# RabbitFarm

### 2021-08-01

#### Ugly Numbers / Square Points

*The examples used here are from The Weekly Challenge problem statement and demonstrate
the working solution.*

## Part 1

*You are given an integer $n >= 1. Write a script to find the $nth Ugly Number.*

### Solution

```
use strict;
use warnings;
use boolean;
sub prime_factor{
my $x = shift(@_);
my @factors;
for (my $y = 2; $y <= $x; $y++){
next if $x % $y;
$x /= $y;
push @factors, $y;
redo;
}
return @factors;
}
sub is_ugly{
my($x) = @_;
for my $factor (prime_factor($x)){
return false if $factor != 2 && $factor != 3 && $factor !=5;
}
return true;
}
sub nth_ugly{
my($n) = @_;
return 1 if $n == 1;
my $ugly_count = 1;
my $i = 1;
do{
$i++;
$ugly_count++ if is_ugly($i);
}while($ugly_count != $n);
return $i;
}
MAIN:{
my($N);
$N = 7;
print nth_ugly($N) . "\n";
$N = 10;
print nth_ugly($N) . "\n";
}
```

### Sample Run

```
$ perl perl/ch-1.pl
8
12
```

### Notes

I also worked this problem in Prolog and C++ and, unsurprisingly, the Perl code is the shortest. All three solutions followed the same approach but Perl's syntax is naturally less verbose without making comprehension of the code more difficult.

## Part 2

*You are given co-ordinates for four points. Write a script to find out if the given
four points form a square.*

### Solution

```
use strict;
use warnings;
use boolean;
use Math::GSL::Vector;
sub unique{
my %seen;
return grep {!$seen{$_}++} @_;
}
sub is_square{
my @points = @_;
##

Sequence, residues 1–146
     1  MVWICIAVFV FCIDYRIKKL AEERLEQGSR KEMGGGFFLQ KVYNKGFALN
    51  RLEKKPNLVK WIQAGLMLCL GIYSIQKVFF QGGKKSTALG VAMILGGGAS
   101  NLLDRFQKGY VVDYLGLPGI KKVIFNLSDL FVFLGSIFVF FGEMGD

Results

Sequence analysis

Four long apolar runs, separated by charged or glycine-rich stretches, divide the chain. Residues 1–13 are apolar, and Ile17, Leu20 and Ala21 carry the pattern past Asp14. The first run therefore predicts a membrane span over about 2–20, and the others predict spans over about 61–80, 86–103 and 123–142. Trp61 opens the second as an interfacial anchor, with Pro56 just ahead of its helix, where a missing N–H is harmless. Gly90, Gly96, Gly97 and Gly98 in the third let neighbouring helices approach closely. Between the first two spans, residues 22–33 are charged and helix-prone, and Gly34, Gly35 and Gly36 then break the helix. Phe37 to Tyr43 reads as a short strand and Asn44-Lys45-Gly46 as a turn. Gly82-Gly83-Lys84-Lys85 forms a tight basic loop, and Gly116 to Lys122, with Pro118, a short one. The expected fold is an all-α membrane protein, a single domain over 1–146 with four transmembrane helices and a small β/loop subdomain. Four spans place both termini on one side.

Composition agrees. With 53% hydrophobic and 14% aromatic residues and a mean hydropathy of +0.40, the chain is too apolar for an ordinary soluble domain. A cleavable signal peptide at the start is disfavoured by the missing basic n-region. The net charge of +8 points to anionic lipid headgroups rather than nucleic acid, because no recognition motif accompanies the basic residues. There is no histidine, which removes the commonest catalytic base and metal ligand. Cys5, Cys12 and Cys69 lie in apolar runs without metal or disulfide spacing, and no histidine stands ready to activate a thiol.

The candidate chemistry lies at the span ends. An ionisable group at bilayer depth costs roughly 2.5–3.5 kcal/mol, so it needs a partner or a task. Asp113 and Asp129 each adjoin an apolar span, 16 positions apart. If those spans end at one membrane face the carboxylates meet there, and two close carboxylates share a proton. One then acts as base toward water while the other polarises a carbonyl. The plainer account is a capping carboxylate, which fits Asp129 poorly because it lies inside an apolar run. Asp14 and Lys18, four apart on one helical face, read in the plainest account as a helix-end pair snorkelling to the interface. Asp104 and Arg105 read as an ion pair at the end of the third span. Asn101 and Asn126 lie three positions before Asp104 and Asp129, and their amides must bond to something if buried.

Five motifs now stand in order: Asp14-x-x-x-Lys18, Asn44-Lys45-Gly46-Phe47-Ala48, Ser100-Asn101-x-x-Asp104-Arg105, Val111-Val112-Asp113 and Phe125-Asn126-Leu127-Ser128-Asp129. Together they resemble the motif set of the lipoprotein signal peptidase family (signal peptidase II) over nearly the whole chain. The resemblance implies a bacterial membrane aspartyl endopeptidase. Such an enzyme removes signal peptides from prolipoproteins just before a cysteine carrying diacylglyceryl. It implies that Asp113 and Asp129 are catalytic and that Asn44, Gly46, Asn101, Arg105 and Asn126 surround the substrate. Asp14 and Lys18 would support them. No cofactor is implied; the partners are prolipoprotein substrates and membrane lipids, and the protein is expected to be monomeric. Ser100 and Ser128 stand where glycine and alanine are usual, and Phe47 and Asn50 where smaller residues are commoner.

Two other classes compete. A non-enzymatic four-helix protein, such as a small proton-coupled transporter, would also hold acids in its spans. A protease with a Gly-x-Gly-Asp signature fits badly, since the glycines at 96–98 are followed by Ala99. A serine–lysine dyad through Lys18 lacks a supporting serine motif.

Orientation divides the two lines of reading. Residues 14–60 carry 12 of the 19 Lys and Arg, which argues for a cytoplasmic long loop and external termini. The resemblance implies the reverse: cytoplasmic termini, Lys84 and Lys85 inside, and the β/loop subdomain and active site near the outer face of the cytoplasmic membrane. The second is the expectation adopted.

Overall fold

# Definitely a square if there are only 2 x and 2 y values.
##
my @x = unique(map {$_->[0]} @points);
my @y = unique(map {$_->[1]} @points);
return true if @x == 2 && @y == 2;
##
# sort the points and compute side lengths
##
my @sorted_x = sort {$a->[0] <=> $b->[0]} @points;
my @sorted_y = sort {$a->[1] <=> $b->[1]} @points;
my($s, $t, $u, $v) = ($sorted_y[@sorted_y - 1], $sorted_x[@sorted_x - 1], $sorted_y[0], $sorted_x[0]);
return false if $s->[0] + $u->[0] != $t->[0] + $v->[0];
return false if $s->[1] + $u->[1] != $t->[1] + $v->[1];
return false if $s->[1] - $u->[1] != $t->[0] - $v->[0];
##
# compute angles
##
my $dv_st = new Math::GSL::Vector([$s->[0] - $t->[0], $s->[1] - $t->[1]]);
my $dv_tu = new Math::GSL::Vector([$t->[0] - $u->[0], $t->[1] - $u->[1]]);
my $dv_uv = new Math::GSL::Vector([$u->[0] - $v->[0], $u->[1] - $v->[1]]);
my $dv_vs = new Math::GSL::Vector([$v->[0] - $s->[0], $v->[1] - $s->[1]]);
return false if $dv_st * $dv_tu != 0;
return false if $dv_tu * $dv_uv != 0;
return false if $dv_uv * $dv_vs != 0;
return true;
}
MAIN:{
my @points;
@points = ([10, 20], [20, 20], [20, 10], [10, 10]);
print is_square(@points) . "\n";
@points = ([12, 24], [16, 10], [20, 12], [18, 16]);
print is_square(@points) . "\n";
@points = ([-3, 1], [4, 2], [9, -3], [2, -4]);
print is_square(@points) . "\n";
@points = ([0, 0], [2, 1], [3, -1], [1, -2]);
print is_square(@points) . "\n";
}
```

### Sample Run

```
$ perl perl/ch-2.pl
1
0
0
1
```

### Notes

The logic of determining if the points determine a square is clear to most people familiar with geometry:

- Are there only two each of X and Y co-ordinates? Then that is enough to establish that we have a square.
- Otherwise, make sure the side lengths are all equivalent and that the angles between the sides are all 90 degrees.

The code in `is_square()`

works through that logic with multiple exit points set up along
the way. Perhaps this is a bit odd looking but I have been doing a lot of logic
programming in Prolog recently and thought to give a somewhat more logical style to this
perl solution to this problem. Developing a more logical style for Perl is a bit of a work
in progress for me, I will admit!

*The unique function (and it's clever use of grep!) was taken from a
PerlMaven article.*

## References

posted at: 17:00 by: Adam Russell | path: /perl | permanent link to this entry